Think your neighbors are loud? Try moving to Chernobyl.
The more obscure and complicated areas of science will always be a wondrous playground for those who create any kind of fiction. Ever since radiation was discovered it’s been a fantastic jumping-off point for all kinds of stories from the fascinating to the absurd. After all, it’s easier for us to suspend disbelief when we aren’t sure what to believe in the first place.
S.T.A.L.K.E.R. Clear Sky is a prequel to the previously released S.T.A.L.K.E.R. Shadow of Chernobyl. This open-world FPS series takes the tragedy of the Chernobyl meltdown and brings some good of it by creating some unique gameplay and an interesting alternate-history storyline from it. Unfortunately, while the game is ultimately rather enjoyable, there’s a bit too many design flaws along the way.
I would go so far as to say I’m a fan of this series but more so for its potential than what it currently is. The first game had flaws that have been more tweaked than fixed in Clear Sky. Clear Sky is much more of an expansion than a totally new entry in the series. The game is still a bit buggy and feels as if it had a solid foundation but was just plain rushed. This is why we shouldn’t harass developers about delaying game releases.
The item allocation balance issues of the original seem to have been lazily avoided by simply flooding the game areas with ammunition and supplies, removing a lot of the need to ration. Rationing made the player’s struggle feel more real and desperate in the previous game, not unlike a survival horror game. You will do a lot of looking for loot in this game. It’s much like Diablo in that sense. The items I found, however, just weren’t all that interesting even after upgrading them. Alternatively, the radioactive anomalies in the game sometimes hold “artifacts”, strange objects that can give you abilities often at the expense of others. This is essentially akin to the magic found in other games but it’s done in an interesting way and I was wishing I was finding more.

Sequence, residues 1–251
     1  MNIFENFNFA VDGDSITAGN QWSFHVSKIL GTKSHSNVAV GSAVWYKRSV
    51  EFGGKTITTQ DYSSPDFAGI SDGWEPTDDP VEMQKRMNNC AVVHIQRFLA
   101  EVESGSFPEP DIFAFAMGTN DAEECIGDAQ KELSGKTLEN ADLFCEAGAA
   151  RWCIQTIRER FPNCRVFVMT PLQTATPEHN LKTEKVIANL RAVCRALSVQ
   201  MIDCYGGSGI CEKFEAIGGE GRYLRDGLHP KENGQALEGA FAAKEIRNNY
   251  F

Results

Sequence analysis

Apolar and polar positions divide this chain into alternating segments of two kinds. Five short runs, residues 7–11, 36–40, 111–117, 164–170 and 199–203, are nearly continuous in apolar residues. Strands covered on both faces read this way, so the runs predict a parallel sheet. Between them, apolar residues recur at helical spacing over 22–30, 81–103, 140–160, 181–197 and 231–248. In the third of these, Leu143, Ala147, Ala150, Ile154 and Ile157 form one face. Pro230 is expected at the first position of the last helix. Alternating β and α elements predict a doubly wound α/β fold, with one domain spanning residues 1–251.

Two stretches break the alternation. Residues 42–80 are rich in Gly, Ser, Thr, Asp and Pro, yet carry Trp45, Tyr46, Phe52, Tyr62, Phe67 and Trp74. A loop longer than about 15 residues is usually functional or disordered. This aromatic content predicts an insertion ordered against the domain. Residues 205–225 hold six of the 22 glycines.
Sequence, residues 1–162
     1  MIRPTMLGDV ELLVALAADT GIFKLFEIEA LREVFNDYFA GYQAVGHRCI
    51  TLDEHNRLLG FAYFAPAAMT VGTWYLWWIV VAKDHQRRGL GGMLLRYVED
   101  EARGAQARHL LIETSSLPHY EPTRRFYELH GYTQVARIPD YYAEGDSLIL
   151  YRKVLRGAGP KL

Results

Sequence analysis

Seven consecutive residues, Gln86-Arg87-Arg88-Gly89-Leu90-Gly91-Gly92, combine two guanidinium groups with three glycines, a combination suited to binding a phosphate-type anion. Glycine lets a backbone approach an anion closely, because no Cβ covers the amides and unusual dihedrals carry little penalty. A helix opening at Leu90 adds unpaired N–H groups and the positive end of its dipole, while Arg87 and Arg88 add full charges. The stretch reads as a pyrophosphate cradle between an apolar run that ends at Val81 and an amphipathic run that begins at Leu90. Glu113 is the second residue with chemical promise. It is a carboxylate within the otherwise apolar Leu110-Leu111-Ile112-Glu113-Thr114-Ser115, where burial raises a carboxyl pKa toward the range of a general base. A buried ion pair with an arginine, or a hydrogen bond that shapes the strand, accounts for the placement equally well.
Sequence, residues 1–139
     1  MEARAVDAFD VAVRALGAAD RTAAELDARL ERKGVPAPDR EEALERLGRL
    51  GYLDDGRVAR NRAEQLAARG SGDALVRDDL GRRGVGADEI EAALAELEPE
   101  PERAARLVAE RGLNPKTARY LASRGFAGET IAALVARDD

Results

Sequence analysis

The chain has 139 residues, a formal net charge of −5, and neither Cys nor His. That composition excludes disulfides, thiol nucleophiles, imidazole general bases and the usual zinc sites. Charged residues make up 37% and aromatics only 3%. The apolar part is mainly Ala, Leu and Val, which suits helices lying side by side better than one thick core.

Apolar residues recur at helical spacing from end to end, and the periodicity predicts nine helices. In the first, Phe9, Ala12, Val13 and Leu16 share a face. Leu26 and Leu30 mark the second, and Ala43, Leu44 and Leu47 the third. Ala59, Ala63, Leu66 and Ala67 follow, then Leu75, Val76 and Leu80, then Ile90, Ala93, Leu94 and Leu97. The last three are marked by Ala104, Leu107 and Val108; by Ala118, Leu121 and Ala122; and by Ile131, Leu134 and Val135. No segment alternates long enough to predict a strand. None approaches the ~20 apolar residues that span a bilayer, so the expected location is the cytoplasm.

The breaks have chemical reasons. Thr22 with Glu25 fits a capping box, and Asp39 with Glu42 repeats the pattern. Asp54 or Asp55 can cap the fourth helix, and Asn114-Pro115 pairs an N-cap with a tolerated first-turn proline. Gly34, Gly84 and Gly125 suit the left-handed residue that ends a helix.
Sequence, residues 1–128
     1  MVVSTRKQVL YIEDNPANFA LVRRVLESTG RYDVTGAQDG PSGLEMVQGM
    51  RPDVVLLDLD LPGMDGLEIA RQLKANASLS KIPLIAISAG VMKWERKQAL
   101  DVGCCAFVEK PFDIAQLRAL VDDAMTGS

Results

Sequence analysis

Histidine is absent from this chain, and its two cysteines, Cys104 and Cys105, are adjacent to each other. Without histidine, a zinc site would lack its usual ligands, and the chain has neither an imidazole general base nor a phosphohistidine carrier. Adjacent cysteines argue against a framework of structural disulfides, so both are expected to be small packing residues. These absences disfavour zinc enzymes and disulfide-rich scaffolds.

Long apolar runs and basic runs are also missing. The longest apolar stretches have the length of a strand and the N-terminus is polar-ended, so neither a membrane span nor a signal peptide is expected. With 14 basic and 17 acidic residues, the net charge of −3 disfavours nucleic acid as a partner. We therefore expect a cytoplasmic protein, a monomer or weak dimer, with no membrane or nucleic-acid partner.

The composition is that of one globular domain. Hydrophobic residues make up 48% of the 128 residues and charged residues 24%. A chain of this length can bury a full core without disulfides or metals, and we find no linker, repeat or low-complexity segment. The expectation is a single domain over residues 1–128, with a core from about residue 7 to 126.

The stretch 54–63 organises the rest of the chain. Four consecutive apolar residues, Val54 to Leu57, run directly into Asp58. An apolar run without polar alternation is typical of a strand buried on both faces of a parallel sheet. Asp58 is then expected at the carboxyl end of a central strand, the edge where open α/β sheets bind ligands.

Nurse Muertos is here with a little medicine for your mutant ass.
While interacting with characters is now more interesting it still feels very cookie-cutter and limited. Characters often say uninteresting things and seem to always have the same few basic supplies to trade. Stalkers clearly often use grenades and yet they’re never willing to trade them? This is Clear Sky‘s main flaw- too many design oversights. Why is it that when I repeatedly put myself on the line to help out other stalkers the game rewards me with rubles (the currency in game) or items, yet I can’t simply have them follow me as backup. I fight for them and they can’t return the favor? They can’t rescue me when I get shot down… ever? It really puts a big kink in the MMO-esque single player feel that the game is clearly going for. I doubt it would be hard to implement in the code but this could be attempting to hide the fact that the AI is just not all that bright.